Who is monitoring data from wearable technology?

Wearable technology goes beyond smart watches and bracelets. (Photo by Sergei BobylevTASS via Getty Images)

Wearable technology continues to become more integrated into workout routines not only for professional athletes but high school and college athletes as well. Much of the biometric data is being collected without the knowledge of the wearers. Does this violate their privacy?

The rules exist in a gray area for now.

Wearables and tracking biometrics is a gray area that’s growing rapidly. Rules and regulations surrounding the tech may not be up to speed, but they’ll have no choice other than to catch up. With the state-by-state legalization of sports betting, the privacy of an athlete’s biometrics may go out the window if the prospect of money is on the line.

NFL players are required to wear on-field trackers to gather details on the player that are not considered private. In 2005, former NBA player Eddy Curry refused to submit to DNA testing requested by the Chicago Bulls, which led him to sign with the New York Knicks instead. So, where do we draw the line with biometric data collecting from wearables?

Wearables used by athletes are similar to technologies such as Fitbit Smartwatches, but they offer more complex data. The idea is to prevent injury and help wearers strive for peak ability. Two startup companies are leading this trend: Humon and Whoop.

Humon has a device called the Hex Tracker that rests on the athlete’s quadricep and measures their blood-oxygen levels, which provides a helpful measurement of endurance. Similar to products such as Fitbit, Humon provides performance summary and post-workout feedback.

Focusing on strain and recovery, Whoop looks at how tired are the athlete’s muscles, what are their stress levels, how well did they sleep the previous night among other details. It captures this data through a wristband the athlete wears as all times. The band can inform the athlete of the best times within the day that their bodies are ready to perform.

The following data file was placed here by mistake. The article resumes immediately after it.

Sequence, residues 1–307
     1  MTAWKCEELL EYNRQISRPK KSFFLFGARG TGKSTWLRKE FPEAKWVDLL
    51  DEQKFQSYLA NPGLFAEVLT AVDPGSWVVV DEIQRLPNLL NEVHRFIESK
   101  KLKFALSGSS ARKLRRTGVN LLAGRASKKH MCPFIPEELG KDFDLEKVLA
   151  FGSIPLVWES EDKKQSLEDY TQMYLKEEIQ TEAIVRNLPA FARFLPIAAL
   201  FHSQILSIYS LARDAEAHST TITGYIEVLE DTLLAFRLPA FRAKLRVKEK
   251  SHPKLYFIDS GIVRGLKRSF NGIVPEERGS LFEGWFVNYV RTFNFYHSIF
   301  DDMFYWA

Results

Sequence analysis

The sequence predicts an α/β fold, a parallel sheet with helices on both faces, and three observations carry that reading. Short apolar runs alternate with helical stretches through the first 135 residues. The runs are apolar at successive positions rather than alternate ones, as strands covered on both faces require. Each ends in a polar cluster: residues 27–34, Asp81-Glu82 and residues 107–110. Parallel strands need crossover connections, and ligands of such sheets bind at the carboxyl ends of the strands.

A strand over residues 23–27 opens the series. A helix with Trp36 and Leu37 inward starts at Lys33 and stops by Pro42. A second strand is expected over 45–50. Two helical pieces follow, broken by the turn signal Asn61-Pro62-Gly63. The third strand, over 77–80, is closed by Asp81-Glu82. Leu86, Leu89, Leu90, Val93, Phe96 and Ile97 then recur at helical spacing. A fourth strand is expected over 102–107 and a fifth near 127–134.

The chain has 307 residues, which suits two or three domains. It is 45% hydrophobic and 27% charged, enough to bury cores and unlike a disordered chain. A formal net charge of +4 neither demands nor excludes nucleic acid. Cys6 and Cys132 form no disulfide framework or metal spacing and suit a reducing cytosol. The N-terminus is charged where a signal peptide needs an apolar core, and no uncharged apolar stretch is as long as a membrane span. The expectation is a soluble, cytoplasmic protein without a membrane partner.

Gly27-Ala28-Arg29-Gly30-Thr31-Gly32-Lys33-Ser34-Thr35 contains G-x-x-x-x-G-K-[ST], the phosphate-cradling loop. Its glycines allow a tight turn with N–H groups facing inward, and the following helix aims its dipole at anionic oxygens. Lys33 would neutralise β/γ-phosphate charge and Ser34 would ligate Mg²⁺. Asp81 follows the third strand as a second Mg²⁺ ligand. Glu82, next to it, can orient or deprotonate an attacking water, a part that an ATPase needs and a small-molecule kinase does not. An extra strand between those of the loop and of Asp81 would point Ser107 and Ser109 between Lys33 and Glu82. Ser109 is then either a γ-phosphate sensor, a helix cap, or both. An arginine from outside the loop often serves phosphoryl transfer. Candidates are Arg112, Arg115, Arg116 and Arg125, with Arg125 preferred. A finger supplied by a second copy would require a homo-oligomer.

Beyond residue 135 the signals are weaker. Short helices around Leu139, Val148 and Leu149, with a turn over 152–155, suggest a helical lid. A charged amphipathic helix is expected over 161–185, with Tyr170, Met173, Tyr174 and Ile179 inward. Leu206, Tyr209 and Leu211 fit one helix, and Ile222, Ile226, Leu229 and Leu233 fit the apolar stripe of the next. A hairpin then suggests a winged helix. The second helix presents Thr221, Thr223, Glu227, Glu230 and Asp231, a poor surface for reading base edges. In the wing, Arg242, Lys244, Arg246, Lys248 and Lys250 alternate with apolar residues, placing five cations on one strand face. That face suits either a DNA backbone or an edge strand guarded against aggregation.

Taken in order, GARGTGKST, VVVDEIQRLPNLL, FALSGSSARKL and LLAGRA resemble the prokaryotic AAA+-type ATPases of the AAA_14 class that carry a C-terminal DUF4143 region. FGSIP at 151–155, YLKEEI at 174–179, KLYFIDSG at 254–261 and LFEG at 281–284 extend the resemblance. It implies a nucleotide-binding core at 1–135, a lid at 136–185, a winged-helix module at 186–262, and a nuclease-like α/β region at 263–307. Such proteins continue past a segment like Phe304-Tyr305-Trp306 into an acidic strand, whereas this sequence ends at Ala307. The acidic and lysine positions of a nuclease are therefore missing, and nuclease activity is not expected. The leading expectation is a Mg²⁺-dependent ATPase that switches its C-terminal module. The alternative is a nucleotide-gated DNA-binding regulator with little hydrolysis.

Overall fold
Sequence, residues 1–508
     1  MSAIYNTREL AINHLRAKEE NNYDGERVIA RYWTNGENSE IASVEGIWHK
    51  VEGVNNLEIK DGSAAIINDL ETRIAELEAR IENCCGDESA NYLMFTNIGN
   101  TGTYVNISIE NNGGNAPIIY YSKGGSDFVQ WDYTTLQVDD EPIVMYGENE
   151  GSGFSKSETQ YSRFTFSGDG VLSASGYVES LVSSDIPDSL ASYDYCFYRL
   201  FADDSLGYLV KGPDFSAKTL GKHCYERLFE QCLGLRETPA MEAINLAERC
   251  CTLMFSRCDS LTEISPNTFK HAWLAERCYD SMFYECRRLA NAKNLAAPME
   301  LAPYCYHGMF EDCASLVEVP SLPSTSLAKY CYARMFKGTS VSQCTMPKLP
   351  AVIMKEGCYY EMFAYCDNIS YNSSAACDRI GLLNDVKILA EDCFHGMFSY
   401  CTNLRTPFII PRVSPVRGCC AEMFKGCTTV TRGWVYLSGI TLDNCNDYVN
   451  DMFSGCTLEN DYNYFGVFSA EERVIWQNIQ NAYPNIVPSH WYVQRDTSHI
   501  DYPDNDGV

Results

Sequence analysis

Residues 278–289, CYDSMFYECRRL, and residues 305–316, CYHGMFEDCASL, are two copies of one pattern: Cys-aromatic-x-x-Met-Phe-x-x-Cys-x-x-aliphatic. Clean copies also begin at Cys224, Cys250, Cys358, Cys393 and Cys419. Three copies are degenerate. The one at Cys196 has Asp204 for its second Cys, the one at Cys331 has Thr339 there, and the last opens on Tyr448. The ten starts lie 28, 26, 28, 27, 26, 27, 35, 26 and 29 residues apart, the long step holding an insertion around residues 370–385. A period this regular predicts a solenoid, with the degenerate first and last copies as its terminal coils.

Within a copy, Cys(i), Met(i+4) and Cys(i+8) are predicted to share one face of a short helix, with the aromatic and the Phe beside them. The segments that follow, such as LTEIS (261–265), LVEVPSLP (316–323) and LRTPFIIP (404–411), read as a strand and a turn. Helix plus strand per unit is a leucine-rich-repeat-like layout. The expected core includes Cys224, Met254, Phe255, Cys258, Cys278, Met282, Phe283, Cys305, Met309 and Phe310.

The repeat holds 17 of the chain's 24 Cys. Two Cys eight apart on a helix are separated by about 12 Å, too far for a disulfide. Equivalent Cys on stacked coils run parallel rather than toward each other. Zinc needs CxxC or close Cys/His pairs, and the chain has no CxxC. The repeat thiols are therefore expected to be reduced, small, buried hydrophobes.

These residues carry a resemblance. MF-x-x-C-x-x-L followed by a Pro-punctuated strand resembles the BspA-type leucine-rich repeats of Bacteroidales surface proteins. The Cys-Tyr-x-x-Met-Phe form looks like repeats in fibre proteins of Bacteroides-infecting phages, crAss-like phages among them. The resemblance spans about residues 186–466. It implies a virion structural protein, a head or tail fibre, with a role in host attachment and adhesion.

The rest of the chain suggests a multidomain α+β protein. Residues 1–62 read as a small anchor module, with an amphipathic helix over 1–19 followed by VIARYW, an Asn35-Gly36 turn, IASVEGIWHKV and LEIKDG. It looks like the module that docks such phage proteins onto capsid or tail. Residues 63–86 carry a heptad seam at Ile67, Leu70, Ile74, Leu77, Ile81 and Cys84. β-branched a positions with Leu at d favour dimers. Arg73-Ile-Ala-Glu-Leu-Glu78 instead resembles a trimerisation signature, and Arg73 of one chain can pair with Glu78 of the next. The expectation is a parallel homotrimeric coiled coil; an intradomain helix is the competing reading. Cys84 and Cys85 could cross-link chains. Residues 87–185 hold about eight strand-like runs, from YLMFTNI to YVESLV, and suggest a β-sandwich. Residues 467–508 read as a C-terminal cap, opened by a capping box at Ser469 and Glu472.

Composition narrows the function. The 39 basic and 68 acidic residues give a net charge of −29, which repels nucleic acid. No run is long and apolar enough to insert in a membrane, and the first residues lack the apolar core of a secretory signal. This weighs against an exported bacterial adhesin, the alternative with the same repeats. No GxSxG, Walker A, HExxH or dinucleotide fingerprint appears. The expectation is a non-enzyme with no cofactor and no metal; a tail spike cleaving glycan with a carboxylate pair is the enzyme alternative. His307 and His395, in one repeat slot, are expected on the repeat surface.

Where this technology starts to become problematic is the issue of who the data belongs to. The Health Insurance Portability and Accountability Act (HIPAA) said the patients, or athletes in this case, are in control of their data. The exception under HIPAA is if the individual’s employer requires them to maintain a certain level of physical fitness, as an article from SportTechie explains.

The rules vary among the different leagues. The NFL’s collective bargaining agreement (CBA), which expires in 2020, dictates every uniformed player is required to wear Zebra sensors in his shoulder pads. The wearable tracks location, acceleration and speed. The NBA decided in 2017 to ban the use of athlete biometric data in contract negotiations and allow players to use variables as long as its voluntary, which is stated in the league’s CBA. The NBA also tracks its players like the NFL, but it uses smart cameras in partnership with Second Spectrum rather than with wearables. Major League Baseball is similar to the NBA: The CBA dictates data collected from wearables are confidential to the team but is available upon request.

Another way of retrieving biometric data is through blood testing. It leads to the complication of whether it is legal for employers to discriminate based on genetic information. The New York Giants already have begun blood testing players to identify biomarkers in order to improve performance. The real risk comes from the data being used in ways the individual doesn’t know about and may violate privacy laws.

Nikole Tower is a senior journalism student at Arizona State University.

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